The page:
The wall construction illustrated in Fig. 1 com-.
when applied in the form of mortar as hereinafter described, will not adhere directly to the asphalt coating. Such coating, when properly proportioned and applied, forms a good bond with the inner asphalt coating and presents a rough, porous surface to which the concrete mortar readily adheres. It does not, however, possess the quality of being entirely water proof, and it cannot as a result be used without the inner coating of asphalt to attain agood construction. In the.construction of the wall section shown in Figs. 1 and 2 the asphalt coatings ii and I8 are applied in the form of asphalt-water emulsions, the coatings I2 and i9 in the form of a 'liquid mixture of sand and asphalt-water emulsion, and the exterior coatings l3 and 20 in the form of mortar. These coatings may be applied by means of a brush or spray, or by means of a trowel, the consistency of the materials being varied in accordance with the method used. I prefer, however, to apply such coatings by means of a spray employing materials of suitable consistency for such purpose. For the water proof coatings II and I8 I have found that an emulsion consisting of asphalt and A water results in a very satisfactory coating and permits of ready application. For the intermediate coatings I l and I9, a mixture of 25 per cent fine sand and '75 per cent asphalt-water emulsion in the proportions of one gallon of asphalt to one-half gallon of water may be used. For the plaster coating l3 and the stucco coating 20, I prefer a mortar containing about one part Portland cement to four parts of sand, the ingredients being mixed with sufficient water to form a mortar capable of being sprayed.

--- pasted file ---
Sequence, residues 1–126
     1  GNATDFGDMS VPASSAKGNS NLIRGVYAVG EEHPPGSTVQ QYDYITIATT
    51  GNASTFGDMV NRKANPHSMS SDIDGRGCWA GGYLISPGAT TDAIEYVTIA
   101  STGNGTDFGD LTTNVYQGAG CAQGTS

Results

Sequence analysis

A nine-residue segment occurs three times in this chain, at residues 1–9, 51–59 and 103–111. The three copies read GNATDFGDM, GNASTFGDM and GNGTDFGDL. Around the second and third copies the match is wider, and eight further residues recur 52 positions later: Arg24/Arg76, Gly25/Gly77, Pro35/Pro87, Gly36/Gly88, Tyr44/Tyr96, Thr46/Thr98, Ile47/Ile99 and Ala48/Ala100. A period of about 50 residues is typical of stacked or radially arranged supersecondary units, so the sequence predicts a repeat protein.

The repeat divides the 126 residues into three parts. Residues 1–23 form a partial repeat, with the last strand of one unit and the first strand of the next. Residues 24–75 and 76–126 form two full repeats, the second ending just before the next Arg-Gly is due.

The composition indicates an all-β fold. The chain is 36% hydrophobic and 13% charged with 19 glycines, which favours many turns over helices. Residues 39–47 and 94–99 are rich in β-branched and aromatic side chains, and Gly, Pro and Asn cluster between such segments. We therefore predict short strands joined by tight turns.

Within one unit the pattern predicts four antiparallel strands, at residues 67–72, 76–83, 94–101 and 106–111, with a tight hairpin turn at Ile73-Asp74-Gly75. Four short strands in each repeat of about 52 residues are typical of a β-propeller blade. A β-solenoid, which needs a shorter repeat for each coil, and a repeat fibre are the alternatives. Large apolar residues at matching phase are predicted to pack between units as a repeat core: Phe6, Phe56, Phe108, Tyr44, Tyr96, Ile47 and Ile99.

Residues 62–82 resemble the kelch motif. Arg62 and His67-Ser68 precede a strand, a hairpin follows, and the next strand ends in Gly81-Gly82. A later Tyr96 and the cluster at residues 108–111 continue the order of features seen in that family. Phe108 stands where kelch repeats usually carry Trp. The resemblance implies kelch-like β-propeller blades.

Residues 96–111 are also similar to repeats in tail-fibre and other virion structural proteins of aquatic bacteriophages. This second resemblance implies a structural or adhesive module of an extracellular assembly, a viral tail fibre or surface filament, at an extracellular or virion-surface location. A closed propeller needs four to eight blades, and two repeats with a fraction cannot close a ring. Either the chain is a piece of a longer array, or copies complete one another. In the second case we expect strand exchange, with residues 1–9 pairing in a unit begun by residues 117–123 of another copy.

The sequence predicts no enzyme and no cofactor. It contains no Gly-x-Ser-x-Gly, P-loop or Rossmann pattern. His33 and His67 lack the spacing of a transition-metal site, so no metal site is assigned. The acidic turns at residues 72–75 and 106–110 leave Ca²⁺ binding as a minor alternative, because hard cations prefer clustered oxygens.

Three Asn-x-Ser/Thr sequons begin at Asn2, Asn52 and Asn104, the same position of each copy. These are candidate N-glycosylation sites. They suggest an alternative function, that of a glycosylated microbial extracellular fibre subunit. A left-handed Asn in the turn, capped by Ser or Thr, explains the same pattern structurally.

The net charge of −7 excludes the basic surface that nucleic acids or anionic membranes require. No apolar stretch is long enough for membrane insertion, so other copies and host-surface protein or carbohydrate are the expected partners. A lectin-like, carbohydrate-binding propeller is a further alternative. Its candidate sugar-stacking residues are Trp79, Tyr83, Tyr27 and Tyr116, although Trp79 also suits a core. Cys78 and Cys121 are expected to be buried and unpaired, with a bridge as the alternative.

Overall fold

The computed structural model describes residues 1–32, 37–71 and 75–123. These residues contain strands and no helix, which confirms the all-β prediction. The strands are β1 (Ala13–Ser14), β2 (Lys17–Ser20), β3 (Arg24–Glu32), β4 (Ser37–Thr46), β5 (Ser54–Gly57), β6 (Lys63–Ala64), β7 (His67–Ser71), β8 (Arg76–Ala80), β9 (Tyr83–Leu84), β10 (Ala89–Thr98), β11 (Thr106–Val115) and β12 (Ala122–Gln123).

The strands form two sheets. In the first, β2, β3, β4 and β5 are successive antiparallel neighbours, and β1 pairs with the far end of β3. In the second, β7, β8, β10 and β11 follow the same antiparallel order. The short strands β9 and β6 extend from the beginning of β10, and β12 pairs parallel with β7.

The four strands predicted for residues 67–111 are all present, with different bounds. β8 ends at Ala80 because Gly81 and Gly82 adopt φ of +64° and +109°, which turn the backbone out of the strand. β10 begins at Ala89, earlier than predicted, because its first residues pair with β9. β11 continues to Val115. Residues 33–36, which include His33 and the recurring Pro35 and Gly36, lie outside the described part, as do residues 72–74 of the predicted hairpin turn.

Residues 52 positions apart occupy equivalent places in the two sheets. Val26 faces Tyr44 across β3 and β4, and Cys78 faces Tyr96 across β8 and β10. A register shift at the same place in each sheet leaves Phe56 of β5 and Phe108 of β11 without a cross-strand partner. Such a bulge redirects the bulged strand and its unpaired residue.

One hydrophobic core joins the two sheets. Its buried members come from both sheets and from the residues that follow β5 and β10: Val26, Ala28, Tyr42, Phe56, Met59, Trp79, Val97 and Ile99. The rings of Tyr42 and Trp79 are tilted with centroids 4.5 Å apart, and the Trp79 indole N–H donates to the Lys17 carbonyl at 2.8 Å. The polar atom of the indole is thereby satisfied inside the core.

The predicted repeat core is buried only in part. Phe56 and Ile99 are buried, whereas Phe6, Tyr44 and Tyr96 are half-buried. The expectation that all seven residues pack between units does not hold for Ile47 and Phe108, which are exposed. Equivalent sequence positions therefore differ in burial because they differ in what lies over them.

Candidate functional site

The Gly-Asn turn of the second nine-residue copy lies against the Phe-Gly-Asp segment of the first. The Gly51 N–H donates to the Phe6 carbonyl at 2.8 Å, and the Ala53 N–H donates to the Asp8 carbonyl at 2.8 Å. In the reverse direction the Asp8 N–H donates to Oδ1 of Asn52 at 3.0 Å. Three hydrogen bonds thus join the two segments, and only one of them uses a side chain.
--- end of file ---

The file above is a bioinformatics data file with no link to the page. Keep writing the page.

The coatings II and H3 in the constructions illustrated are first applied and allowed to dry, following which the coatings l2 and 19 are applied and allowed to dry. After the coatings l2 and I9 have dried suificiently, the coatings l3 and 20 are applied to form the exterior surfacesv of the walls.
The lower portion of the wall shown in Fig.1 is completed by pressing the tile i 5 into place with a coating of water-asphalt emulsion of the type used in the coating ll applied to their backs, and then grouting the joints between the tile with concrete mortar 2|,
What is claimed is:
1. In a wall construction, the method of unitinga water-proof coating of bituminous material With a coating of concrete plaster, which comprises applying to the coating of bituminous material a coating of bituminous material mix with sand, and applying to the coating of bituminous material and sand a coating of concrete mortar.